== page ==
One of the things I love about my little RV is that I can usually get away with the cheapest campsite — because I don’t need water, sewer or TV hook-ups. Indeed, I seldom stay places that offer those amenities. But being out just a couple of tenners for lodging lets me splash out where I really want to spend — on experiences. I’m a big proponent of guided touring and outfitting companies who get you to the furthest trailheads, deliver the most spectacular sights, and, more importantly, get you back safely. In Monument Valley, I went directly to the eight hour tour, guided by a Navajo, without whom most of the Navajo Tribal Park is off limits to palefaces. The tour brought us well beyond the loop road that most tourists take and into Mystery Valley, as well, which is the site of many Anasazi ruins. It was another bone-jarring ride in a four wheel drive vehicle over goat paths and boulders, scrambling up arches and down ravines, and seeing the amazing Monument Valley formations up close and personal. As an added bonus, I joined a great small group on the tour. This is always my worry on joining hiking and outfitting groups: what if I’m stuck with people who make eight hours into a living Hell? I’m happy to say, in several years of doing this, I’ve never yet hit a bad group. I think, in general, the type of person who thinks being jolted down the back country tracks, scrambling through blowing dirt and sand, all in pursuit of the perfect picture of an awesome natural formation is pretty much going to be someone who is determined to have a great time no matter what the day brings.
Although I’ve been on several Monument Valley tours over the past decades, I’d never been to one that included Mystery Valley. This area of the park includes a sizable concentration of Anasazi ruins and petroglyphs. Because the Navajo have great respect for these ancient cliff dwellers, they don’t build their homes near the sites. In fact, our guide told us there is a ceremony guides go through to prepare them to enter these areas. Whether the ceremony is for cleansing or for respect was unclear, although apparently juju doesn’t attach to White people walking through the area. However, our guide, a man of few but well-chosen words, maintained a respectful distance from most Anasazi sites while pointing out to us where we should scramble up for a better view.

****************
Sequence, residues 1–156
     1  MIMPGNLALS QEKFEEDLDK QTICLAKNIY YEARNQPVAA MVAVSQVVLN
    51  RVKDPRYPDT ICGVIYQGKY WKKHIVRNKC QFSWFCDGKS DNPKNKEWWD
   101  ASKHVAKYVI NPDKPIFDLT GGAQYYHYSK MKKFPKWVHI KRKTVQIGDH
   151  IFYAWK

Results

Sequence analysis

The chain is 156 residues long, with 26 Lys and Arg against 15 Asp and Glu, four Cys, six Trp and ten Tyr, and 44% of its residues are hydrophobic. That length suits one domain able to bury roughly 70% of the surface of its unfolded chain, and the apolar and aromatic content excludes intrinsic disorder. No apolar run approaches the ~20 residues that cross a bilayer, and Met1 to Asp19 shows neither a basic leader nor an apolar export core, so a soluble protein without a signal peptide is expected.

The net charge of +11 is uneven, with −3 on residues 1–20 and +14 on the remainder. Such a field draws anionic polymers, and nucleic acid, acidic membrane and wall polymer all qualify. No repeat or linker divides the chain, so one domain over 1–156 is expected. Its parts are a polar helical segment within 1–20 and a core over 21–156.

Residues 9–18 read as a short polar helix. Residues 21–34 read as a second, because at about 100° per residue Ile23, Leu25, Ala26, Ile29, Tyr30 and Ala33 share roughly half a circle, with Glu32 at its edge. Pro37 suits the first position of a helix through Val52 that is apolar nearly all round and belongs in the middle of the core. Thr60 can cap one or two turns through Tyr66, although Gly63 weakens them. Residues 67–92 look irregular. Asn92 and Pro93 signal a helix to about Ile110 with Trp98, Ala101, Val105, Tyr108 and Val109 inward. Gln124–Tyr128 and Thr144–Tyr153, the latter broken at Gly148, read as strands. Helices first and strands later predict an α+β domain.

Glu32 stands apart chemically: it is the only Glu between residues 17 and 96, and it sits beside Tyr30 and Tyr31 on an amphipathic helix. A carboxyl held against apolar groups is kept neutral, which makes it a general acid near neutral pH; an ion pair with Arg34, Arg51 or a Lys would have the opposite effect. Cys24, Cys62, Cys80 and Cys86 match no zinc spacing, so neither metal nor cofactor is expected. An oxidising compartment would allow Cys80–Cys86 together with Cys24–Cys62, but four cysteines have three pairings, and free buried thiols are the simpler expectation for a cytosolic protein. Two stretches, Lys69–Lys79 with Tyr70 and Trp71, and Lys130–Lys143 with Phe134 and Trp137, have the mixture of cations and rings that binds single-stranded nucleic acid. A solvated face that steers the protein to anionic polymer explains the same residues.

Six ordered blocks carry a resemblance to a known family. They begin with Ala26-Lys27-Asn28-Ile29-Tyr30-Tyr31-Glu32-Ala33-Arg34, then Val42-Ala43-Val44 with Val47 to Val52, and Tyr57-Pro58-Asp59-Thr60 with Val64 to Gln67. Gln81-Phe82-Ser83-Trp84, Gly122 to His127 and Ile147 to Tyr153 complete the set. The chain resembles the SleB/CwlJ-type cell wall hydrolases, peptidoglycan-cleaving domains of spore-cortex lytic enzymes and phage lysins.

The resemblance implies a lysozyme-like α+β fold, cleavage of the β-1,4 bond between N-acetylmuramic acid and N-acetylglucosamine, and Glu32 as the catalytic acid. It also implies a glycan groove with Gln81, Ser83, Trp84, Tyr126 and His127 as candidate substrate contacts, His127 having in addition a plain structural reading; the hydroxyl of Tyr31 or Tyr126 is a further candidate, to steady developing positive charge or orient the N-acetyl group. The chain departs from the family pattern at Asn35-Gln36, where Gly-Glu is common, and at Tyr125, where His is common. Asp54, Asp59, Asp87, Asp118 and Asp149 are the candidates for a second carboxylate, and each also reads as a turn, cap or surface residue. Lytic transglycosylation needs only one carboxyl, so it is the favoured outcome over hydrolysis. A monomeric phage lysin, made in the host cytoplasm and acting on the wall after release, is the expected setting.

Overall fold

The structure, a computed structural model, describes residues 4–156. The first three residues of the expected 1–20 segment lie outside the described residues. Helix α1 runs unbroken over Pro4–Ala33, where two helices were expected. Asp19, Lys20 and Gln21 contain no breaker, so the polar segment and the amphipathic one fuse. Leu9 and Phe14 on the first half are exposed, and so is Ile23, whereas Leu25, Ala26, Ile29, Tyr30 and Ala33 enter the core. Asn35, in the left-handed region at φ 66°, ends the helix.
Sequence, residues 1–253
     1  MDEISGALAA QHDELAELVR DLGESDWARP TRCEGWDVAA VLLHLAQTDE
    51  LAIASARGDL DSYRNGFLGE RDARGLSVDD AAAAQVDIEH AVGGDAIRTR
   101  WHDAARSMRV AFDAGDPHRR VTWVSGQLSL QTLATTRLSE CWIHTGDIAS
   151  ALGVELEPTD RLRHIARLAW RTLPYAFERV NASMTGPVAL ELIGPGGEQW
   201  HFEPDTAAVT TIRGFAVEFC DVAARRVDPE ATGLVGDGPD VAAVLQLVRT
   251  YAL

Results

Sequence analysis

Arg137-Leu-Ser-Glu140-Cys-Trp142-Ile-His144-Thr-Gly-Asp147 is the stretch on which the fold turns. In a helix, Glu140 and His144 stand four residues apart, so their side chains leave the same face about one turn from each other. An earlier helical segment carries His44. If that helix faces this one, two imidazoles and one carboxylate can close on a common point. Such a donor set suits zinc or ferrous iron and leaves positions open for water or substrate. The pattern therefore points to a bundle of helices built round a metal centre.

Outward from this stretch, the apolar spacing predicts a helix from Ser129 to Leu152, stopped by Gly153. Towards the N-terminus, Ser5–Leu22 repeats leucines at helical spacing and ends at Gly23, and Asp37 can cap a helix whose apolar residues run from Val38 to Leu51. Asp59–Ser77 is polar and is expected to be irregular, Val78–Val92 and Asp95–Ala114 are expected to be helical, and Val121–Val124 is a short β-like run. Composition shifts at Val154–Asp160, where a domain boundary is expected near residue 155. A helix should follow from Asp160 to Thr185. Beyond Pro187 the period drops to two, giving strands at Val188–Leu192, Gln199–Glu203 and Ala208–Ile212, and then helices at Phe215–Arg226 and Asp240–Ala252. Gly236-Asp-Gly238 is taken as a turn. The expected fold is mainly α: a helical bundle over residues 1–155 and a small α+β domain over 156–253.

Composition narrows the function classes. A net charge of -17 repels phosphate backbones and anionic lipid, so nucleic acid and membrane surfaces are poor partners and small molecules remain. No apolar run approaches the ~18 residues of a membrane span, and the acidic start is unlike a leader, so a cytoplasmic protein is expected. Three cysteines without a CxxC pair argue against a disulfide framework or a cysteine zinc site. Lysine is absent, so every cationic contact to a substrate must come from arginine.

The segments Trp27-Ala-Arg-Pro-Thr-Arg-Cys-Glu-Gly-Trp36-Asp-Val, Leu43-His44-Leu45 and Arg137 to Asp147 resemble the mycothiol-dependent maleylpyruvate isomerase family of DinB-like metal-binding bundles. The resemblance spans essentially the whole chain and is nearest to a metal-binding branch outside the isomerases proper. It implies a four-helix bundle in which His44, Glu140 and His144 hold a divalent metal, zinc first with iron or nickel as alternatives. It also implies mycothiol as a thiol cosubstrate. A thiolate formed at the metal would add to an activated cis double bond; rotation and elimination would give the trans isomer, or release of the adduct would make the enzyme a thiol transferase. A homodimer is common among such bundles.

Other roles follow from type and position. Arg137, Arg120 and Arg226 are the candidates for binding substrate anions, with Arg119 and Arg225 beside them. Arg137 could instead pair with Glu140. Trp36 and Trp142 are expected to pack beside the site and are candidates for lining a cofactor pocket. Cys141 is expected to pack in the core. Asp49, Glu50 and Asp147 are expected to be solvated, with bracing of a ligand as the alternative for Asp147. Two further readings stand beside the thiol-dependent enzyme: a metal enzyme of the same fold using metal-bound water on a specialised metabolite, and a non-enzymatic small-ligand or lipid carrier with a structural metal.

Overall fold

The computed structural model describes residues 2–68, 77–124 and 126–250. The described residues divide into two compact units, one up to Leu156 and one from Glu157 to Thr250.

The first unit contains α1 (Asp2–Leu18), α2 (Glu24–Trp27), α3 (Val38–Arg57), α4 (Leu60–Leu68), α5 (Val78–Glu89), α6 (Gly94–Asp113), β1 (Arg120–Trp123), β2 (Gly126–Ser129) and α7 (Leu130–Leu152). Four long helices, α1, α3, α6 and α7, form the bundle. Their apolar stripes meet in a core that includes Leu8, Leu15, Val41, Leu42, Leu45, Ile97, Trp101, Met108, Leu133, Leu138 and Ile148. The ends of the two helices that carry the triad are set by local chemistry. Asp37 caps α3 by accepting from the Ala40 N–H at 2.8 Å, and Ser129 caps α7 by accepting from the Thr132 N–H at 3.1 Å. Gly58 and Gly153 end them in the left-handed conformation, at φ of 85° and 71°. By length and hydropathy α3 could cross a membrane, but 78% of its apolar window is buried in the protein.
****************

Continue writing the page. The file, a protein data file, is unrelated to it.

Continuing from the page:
Monument Valley’s fierce winds had carved out dozens of caves that formed the perfect place for the ancients to build their kivas and cliff dwellings.
More pictures of my Monument Valley adventure here.
Traveler’s notes: I stayed in Goulding’s campground, which was lovely, but which I would reconsider as Goulding’s hotel and other facilities have expanded in a sprawling, ugly and resource-wasteful way. (As was noted in a few displays in the Navajo Tribal Park Museum.) The Navajo have had their revenge by building the beautiful and architecturally appropriate View Hotel which now blocks Gouldings from all the great views. I did get my tour through Goulding’s, but I believe all the tours require a Native guide, so you are spending your dollars the right way no matter which you choose. Just to be sure I’d spread my money the right way, I splashed out at the View Hotel’s gift shop which has ten times the selection of Goulding’s with none of the Chinese made kitsch.